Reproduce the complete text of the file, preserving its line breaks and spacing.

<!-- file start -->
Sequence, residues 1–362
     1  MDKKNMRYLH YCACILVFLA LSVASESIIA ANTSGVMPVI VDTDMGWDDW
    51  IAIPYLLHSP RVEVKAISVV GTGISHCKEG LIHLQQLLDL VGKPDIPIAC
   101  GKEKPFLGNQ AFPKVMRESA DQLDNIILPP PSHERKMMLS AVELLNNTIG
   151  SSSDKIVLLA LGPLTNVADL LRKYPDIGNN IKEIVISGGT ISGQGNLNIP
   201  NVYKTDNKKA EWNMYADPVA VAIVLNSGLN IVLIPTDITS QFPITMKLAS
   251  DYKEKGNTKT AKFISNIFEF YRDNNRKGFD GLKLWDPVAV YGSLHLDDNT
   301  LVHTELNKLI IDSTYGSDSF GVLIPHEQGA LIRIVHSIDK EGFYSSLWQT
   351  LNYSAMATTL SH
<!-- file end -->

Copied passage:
Sequence, residues 1–362
     1  MDKKNMRYLH YCACILVFLA LSVASESIIA ANTSGVMPVI VDTDMGWDDW
    51  IAIPYLLHSP RVEVKAISVV GTGISHCKEG LIHLQQLLDL VGKPDIPIAC
   101  GKEKPFLGNQ AFPKVMRESA DQLDNIILPP PSHERKMMLS AVELLNNTIG
   151  SSSDKIVLLA LGPLTNVADL LRKYPDIGNN IKEIVISGGT ISGQGNLNIP
   201  NVYKTDNKKA EWNMYADPVA VAIVLNSGLN IVLIPTDITS QFPITMKLAS
   251  DYKEKGNTKT AKFISNIFEF YRDNNRKGFD GLKLWDPVAV YGSLHLDDNT
   301  LVHTELNKLI IDSTYGSDSF GVLIPHEQGA LIRIVHSIDK EGFYSSLWQT
   351  LNYSAMATTL SH